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Time to confront our slave trade past

By Western Daily Press  |  Posted: January 07, 2014

Actor Chiwetel Ejiofor in 12 Years A Slave. He has said a 'reflex' prevents British people addressing their historical role in the slave trade – especially in slaving ports like Bristol

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Leading commentators in Bristol have backed calls to confront the city's past and its historic links to the slave trade.

British-born Chiwetel Ejiofor is thought to be favourite to land the Oscar thanks to his role in the uncompromising and highly praised 12 Years A Slave.

The film, which takes an unflinching look at the brutal world of plantations in America in the 1840s, has been tipped to sweep the board at the Oscars after winning over critics and audiences in the US.

And Ejiofor, who plays the pivotal role in the film, believes that the whole issue of slavery needs to be addressed in the UK.

He claims that people in the UK have a "reflex fear" when it comes to slavery and are afraid of talking about the issue and the impact the trade had on the country.

He said: "There is this reflex fear that once you expose something, once you talk about it, you are really talking about your society.

"That is why we don't really investigate what Bristol or London or Bath would be without the slave trade.

"Because we really like those cities and the people who live there it is easier to close the door on it and let it go."

The 36-year-old London actor added: "I want the book that the film is based on to be taught in every school because it speaks to human respect.

"No one is ever too young to start understanding what that means or where prejudice has led the human race in our history. And could again, very easily."

He added: "People have a fear of questioning societies to which they owe their whole system of reality.

"Not just in the States, but wherever slavery was a prevalent part of the culture and wealth of the culture, and whatever countries still have benefits of that today."

The film's director Steve McQueen believes 12 Years A Slave should become standard reading in schools.

He said: "This subject should be on the national curriculum, its a no-brainer."

Between 1730 and 1745 Bristol was the world's leading slave port and the city's wealth is largely built on the trade.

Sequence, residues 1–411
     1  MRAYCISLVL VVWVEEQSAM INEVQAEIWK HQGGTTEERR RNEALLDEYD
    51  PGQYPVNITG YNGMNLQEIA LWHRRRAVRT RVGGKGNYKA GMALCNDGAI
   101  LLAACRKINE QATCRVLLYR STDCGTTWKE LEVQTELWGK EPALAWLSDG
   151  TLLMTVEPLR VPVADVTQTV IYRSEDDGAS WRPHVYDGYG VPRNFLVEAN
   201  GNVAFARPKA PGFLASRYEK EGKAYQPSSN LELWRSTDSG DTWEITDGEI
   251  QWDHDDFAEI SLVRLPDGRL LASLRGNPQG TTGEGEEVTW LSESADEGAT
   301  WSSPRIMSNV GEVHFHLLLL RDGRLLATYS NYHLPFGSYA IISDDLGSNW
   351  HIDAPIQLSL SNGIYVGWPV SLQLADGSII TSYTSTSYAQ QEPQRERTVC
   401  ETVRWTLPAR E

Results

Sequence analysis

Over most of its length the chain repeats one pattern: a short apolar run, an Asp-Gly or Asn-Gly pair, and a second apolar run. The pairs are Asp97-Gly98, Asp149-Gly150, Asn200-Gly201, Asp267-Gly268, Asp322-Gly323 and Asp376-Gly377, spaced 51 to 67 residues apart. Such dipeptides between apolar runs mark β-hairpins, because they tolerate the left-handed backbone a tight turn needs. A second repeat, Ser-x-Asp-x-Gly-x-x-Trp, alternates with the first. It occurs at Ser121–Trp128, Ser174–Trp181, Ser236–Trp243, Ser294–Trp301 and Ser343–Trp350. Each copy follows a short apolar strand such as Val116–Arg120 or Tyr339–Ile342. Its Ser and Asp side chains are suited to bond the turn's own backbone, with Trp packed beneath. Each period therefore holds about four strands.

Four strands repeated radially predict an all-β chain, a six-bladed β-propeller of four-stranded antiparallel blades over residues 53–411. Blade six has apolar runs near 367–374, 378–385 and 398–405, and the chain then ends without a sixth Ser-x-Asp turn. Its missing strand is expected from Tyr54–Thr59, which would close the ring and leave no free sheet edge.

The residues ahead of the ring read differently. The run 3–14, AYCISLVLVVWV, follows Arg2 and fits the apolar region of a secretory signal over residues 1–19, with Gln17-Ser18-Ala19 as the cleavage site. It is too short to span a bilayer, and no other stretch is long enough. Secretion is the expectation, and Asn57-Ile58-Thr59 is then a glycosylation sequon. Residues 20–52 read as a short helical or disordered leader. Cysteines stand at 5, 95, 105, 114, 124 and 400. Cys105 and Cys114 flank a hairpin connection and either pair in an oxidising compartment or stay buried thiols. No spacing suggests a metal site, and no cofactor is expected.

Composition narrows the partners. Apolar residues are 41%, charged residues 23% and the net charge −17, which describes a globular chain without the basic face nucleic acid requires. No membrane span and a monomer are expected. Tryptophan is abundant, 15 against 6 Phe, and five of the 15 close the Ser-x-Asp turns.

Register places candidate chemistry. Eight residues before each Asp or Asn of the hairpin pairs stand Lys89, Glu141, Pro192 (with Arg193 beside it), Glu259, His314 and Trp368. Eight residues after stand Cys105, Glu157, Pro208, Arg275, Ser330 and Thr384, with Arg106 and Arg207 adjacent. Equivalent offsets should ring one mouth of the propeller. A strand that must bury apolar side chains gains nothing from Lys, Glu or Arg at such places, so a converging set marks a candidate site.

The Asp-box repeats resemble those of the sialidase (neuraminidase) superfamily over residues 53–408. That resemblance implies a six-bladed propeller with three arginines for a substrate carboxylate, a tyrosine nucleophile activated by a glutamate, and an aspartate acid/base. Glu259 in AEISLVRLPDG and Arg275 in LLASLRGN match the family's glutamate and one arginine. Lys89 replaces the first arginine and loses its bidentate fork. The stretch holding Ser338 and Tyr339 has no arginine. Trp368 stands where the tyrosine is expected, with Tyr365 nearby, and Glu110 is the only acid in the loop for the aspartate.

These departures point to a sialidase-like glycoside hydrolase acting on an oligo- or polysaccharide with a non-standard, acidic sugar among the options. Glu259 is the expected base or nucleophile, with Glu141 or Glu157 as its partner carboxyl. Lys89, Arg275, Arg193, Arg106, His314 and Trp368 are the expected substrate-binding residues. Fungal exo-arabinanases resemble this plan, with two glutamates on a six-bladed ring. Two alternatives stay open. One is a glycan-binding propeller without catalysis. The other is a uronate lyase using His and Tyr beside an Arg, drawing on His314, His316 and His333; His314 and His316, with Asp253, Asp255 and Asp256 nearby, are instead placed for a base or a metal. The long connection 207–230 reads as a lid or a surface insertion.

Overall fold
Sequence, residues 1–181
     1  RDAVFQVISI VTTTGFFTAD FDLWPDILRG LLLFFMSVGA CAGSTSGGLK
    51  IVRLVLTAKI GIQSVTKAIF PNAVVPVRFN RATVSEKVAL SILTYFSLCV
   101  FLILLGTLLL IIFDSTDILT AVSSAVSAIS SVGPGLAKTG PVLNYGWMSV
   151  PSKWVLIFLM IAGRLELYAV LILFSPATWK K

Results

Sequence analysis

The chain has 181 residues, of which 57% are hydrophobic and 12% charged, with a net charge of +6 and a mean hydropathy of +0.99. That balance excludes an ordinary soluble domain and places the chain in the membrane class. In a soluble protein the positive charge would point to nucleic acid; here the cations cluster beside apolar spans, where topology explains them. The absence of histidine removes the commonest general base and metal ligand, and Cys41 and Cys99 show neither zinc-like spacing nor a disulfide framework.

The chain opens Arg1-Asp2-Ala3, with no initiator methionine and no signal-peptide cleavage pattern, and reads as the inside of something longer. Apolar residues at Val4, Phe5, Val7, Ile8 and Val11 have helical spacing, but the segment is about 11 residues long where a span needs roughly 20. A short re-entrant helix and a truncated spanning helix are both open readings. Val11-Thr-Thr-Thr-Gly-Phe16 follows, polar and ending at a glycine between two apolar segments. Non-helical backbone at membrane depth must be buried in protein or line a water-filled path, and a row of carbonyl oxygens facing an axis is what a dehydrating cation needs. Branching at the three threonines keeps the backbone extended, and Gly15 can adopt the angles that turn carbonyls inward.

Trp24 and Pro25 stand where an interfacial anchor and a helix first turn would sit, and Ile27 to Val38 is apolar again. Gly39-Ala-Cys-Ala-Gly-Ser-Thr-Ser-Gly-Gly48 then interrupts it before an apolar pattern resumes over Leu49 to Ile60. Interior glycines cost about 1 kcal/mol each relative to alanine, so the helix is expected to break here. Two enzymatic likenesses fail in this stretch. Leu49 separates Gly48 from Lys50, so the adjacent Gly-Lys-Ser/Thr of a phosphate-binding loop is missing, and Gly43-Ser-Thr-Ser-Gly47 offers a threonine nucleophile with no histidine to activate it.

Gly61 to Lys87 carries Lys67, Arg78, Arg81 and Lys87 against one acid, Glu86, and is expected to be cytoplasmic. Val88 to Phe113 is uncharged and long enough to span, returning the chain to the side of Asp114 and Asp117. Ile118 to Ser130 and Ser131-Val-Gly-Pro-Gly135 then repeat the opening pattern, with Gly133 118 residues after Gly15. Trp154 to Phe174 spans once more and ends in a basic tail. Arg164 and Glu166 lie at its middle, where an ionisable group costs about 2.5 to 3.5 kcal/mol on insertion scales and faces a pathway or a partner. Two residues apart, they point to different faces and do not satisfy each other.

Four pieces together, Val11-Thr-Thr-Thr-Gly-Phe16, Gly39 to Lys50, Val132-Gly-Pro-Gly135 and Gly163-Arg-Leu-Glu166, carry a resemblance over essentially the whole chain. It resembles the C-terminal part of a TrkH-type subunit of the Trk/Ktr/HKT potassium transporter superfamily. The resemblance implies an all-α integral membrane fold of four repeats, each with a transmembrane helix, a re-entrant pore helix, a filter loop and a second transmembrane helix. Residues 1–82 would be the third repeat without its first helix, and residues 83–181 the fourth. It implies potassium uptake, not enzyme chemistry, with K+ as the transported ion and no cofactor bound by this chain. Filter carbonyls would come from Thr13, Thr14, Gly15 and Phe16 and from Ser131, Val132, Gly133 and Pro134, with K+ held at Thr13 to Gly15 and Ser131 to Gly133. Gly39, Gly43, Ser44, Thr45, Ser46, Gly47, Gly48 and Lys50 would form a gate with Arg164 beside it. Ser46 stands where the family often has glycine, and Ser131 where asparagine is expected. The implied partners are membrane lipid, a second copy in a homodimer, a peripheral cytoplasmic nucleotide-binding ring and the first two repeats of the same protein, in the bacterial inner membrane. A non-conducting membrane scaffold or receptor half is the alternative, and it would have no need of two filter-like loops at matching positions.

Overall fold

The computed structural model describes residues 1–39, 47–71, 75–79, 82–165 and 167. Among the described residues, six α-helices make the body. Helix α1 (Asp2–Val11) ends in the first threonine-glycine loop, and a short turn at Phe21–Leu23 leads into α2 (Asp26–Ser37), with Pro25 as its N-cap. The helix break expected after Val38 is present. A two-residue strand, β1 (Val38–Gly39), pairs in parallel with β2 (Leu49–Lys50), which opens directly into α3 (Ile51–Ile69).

An estimated 500,000 Africans were carried into slavery in ships which sailed from Bristol. The city's mayor George Ferguson believes the issue should be tackled. He said: "Bristol will always hang its head with shame over its history of slavery.

"Our answer must be to celebrate our diversity in the 21st Century, remain vigilant, abhor all discrimination and strive to become the most tolerant city in the UK."

Community leader Abdul Malik added: "The lessons that the events that took place on our soil 300 years ago and the years of struggle for rights that followed, are vital for our future generations, not only to highlight the events and reflect on them but to draw from the experiences of the past and build on them a better future.

"The slave trade and its history in Bristol, is a bitter truth of the past, but is also a unique opportunity for our city and its future, to provide a unique insight into the history and provide physical educational resources in sights and venues for a future in a city now known for its beacon status in equalities."

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  • glastonburyhl  |  January 08 2014, 1:13AM

    Excellent article. Only through confronting our past can we hope to move forward and to avoid history repeating itself. I'm ashamed that I had no idea until very recently of the involvement my own city had in the slave trade; it's fundamental that our children are taught about this in schools as sticking our heads in the sand and pretending it never happened will get us nowhere. History lessons should address both the good and the bad, even if it's difficult to admit the horrors our country has been responsible for.

  • emurfitt  |  January 07 2014, 4:09PM

    NOT facing up to this issue is like holocaust denial. The only way to move on is to face up to it, as it won't go away. However, it is not the only issue of its kind. Others include - 1. Women were chattels and repressed until the 1880s and are still blamed for being victims. 2. Child labour made the first (British) Industrial Revolution possible - they still suffer widespread abuse and suffer most from poverty. 3. The Celtic peoples in the British Isles were persecuted and slaughtered with a genocidal zeal for centuries following the Saxon invasion, and still suffer discrimination and hate from the English - the very existence of the ethnic Cornish is still denied. No doubt there are other examples. If we want to call ourselves civilized, we need to face up to these historic atrocities.